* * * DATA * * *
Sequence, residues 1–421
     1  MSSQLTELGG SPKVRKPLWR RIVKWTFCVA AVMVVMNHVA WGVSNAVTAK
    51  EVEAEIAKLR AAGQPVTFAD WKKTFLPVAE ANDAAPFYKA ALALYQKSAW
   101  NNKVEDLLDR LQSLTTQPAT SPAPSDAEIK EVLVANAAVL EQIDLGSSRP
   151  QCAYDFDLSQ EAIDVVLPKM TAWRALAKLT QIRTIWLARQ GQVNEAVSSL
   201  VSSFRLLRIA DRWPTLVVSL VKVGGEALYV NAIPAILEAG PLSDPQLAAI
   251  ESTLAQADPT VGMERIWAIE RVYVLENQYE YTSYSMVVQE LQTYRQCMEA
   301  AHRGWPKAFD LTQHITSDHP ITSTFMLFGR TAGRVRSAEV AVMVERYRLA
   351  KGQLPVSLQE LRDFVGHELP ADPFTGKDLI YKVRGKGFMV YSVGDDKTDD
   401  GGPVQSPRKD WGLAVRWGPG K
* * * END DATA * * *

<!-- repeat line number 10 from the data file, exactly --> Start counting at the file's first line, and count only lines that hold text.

   401  GGPVQSPRKD WGLAVRWGPG K